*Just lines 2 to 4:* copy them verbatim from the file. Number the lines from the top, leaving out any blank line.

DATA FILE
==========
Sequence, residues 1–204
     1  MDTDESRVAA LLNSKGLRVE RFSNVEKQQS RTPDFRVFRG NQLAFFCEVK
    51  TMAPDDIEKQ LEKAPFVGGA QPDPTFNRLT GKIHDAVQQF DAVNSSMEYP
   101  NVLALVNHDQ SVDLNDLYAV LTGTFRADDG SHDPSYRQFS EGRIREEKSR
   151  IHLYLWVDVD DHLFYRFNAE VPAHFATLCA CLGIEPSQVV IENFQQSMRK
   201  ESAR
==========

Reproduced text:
     1  MDTDESRVAA LLNSKGLRVE RFSNVEKQQS RTPDFRVFRG NQLAFFCEVK
    51  TMAPDDIEKQ LEKAPFVGGA QPDPTFNRLT GKIHDAVQQF DAVNSSMEYP
   101  NVLALVNHDQ SVDLNDLYAV LTGTFRADDG SHDPSYRQFS EGRIREEKSR